By the rivers of Babylon we sat and wept
when we remembered Zion.
There on the poplars we hung our harps,
for there our captors asked us for songs,
our tormentors demanded songs of joy;
they said, “Sing us one of the songs of Zion!”
How can we sing the songs of the LORD
while in a foreign land? (Psalm 137:1-4)
Psalm 137 was written at an extremely dark time in the history of God’s people. Judah ha d been decimated by the Babylonians, Jerusalem destroyed, the temple demolished and countless atrocities carried out against the people. Considering all of this, it’s hardly surprising that the Psalm is laced with bitterness and a desire for revenge.
The Psalm is set in Babylon where the victorious Babylonians ask the Israelites for a song. The reply is incredibly poignant; “How can we sing the songs of the LORD while in a foreign land?” Life for the Israelites would have been fairly good in Babylon and some must have wanted to settle down and make the best of things. In contrast the Psalmist wanted only to think of justice and Jerusalem.
As twenty first century believers we are called to sing in a foreign land, that is, a place sometimes hostile and often ambivalent to the Christian message. It can be a challenge and we need to make the most of every opportunity (Colossians 4:5). Yesterday we had a chance to literally sing in what is if not foreign land, then certainly unusual place.
Some time ago one of our members, Mark, wrote to our local Tesco Extra and asked if we could sing carols and give out mince pies and invitations to our Christmas services. If I’m honest, I didn’t think there was much point but Mark persisted and lo and behold was offered a slot on Friday evening from 6-8 pm a week before Christmas.
So much could have gone wrong, if there were only two or three people trying to sing carols or if we got in the way and upset the staff but in the end the Lord really blessed the event and made it for me a highlight of the year.
We had an excellent turnout and at first we were told that we could stand outside the main doors. It was very cold, two degrees below freezing but everyone was wrapped up warm so we began to sing. After twenty minutes or so the staff invited us to sing inside the store, this may have been through admiration of our superb singing or more likely pity. Whatever the reason we sang carols inside the store for the rest of our time.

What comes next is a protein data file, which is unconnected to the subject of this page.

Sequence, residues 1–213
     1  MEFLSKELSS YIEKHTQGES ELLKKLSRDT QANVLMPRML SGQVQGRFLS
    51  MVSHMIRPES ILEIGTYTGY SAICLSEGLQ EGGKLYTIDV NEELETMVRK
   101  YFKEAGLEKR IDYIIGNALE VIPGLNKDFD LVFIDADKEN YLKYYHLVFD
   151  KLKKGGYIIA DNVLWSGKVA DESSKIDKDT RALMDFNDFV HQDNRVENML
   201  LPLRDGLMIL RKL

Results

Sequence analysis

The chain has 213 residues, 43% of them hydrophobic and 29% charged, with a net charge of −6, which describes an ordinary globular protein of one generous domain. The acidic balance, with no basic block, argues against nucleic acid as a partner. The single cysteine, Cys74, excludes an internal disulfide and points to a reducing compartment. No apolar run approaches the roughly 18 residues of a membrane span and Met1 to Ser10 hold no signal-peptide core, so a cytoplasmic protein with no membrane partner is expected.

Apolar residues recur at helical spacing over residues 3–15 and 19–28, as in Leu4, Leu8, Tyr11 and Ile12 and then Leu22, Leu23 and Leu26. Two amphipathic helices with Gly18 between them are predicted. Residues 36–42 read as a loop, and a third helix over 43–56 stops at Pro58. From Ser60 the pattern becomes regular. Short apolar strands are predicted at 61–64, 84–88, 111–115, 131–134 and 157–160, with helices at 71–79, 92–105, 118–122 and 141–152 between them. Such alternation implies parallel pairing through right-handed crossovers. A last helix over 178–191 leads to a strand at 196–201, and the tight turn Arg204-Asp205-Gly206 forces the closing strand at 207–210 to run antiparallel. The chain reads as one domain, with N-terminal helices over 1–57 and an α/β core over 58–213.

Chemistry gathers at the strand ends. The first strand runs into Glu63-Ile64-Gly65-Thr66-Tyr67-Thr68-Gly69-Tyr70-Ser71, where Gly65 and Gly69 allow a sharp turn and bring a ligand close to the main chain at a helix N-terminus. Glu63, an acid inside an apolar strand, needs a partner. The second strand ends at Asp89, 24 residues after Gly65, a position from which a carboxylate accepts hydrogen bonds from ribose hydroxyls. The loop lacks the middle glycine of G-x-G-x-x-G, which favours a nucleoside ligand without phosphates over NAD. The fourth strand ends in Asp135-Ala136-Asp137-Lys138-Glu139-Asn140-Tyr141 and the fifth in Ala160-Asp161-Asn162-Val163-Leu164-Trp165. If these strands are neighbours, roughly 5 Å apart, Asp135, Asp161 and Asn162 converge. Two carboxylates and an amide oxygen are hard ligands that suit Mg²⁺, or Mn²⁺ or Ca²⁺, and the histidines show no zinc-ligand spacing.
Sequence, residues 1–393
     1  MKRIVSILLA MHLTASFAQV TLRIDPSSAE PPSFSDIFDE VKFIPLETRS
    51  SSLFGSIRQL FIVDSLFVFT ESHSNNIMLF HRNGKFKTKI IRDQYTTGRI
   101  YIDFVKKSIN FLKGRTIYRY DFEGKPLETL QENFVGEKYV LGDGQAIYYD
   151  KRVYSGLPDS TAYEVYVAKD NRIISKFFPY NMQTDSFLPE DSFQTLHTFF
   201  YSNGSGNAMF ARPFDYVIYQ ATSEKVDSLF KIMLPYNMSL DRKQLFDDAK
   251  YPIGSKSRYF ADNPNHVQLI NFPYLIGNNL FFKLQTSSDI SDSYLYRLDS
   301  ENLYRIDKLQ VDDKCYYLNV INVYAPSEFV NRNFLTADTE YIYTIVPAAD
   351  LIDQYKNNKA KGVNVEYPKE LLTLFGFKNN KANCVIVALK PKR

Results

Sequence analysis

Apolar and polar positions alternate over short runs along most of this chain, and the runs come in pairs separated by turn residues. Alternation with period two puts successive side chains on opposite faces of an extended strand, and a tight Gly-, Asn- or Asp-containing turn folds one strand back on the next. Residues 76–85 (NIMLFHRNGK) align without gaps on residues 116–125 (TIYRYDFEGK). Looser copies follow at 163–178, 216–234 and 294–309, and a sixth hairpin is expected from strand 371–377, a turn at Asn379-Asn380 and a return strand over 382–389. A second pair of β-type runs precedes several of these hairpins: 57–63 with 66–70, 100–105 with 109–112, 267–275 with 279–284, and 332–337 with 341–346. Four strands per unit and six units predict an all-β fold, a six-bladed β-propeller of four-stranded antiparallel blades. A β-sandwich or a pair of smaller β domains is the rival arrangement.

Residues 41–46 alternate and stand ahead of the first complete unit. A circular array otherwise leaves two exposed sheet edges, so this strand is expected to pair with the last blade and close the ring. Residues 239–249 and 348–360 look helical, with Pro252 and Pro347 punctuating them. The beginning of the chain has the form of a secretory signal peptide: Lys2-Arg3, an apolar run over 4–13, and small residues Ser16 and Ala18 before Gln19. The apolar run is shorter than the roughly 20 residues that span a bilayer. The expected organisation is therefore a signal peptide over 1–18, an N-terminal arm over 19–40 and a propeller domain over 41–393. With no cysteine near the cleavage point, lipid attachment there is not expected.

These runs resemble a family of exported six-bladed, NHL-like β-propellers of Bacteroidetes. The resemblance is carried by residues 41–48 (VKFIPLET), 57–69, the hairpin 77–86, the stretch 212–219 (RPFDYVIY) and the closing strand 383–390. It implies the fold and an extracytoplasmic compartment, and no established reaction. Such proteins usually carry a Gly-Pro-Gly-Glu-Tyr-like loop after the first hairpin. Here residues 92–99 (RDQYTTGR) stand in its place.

I cannot think of a more public place in Talbot Green or for miles around for that matter and the way in which so many made such a public stand was very moving. Young people and some not so young, gave out the invitations and mince pies while the rest of us sang. We are a motley crew with people of diverse ages and backgrounds but we are the Lord’s motley crew. Some of the carols have some of the most wonderful words of our faith and some say very little (not sure what the words of “Ding dong merrily on high” mean particularly the “io io io” in the second verse, we only sang that once).
Many who approached naturally assumed that we were collecting for a good cause. In fact when one member of the public asked for the bucket they received the reply from Paul “Come on their not that bad are they?” Many were surprised to be told that we were singing for the community and to let everyone know that they are welcome in Ebenezer. We had a really good reception from the customers with some still singing the carols in the car park as they loaded their cars with shopping.
When the mince pies, leaflets and voices were used up, we finished for the evening. What a blessing! The feedback from those who took part was universally positive. Our prayer now is that the Lord will use these things to bring people to know him.